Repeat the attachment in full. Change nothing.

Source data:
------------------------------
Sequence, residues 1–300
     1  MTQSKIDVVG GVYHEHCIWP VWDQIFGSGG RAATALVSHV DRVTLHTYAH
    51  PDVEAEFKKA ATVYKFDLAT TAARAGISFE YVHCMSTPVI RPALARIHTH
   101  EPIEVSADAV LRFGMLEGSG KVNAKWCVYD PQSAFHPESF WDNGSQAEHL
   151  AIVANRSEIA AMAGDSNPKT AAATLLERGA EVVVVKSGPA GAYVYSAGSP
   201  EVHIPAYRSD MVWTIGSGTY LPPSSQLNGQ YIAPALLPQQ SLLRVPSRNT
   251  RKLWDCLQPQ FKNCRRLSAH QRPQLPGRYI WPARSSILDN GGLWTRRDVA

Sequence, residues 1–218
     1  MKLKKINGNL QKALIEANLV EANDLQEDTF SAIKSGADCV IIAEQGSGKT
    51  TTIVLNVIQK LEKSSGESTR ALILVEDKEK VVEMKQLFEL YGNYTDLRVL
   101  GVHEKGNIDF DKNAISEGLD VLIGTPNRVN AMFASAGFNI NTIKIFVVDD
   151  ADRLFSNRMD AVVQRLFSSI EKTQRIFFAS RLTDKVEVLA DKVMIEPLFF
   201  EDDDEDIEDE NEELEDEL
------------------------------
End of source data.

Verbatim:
Sequence, residues 1–300
     1  MTQSKIDVVG GVYHEHCIWP VWDQIFGSGG RAATALVSHV DRVTLHTYAH
    51  PDVEAEFKKA ATVYKFDLAT TAARAGISFE YVHCMSTPVI RPALARIHTH
   101  EPIEVSADAV LRFGMLEGSG KVNAKWCVYD PQSAFHPESF WDNGSQAEHL
   151  AIVANRSEIA AMAGDSNPKT AAATLLERGA EVVVVKSGPA GAYVYSAGSP
   201  EVHIPAYRSD MVWTIGSGTY LPPSSQLNGQ YIAPALLPQQ SLLRVPSRNT
   251  RKLWDCLQPQ FKNCRRLSAH QRPQLPGRYI WPARSSILDN GGLWTRRDVA

Sequence, residues 1–218
     1  MKLKKINGNL QKALIEANLV EANDLQEDTF SAIKSGADCV IIAEQGSGKT
    51  TTIVLNVIQK LEKSSGESTR ALILVEDKEK VVEMKQLFEL YGNYTDLRVL
   101  GVHEKGNIDF DKNAISEGLD VLIGTPNRVN AMFASAGFNI NTIKIFVVDD
   151  ADRLFSNRMD AVVQRLFSSI EKTQRIFFAS RLTDKVEVLA DKVMIEPLFF
   201  EDDDEDIEDE NEELEDEL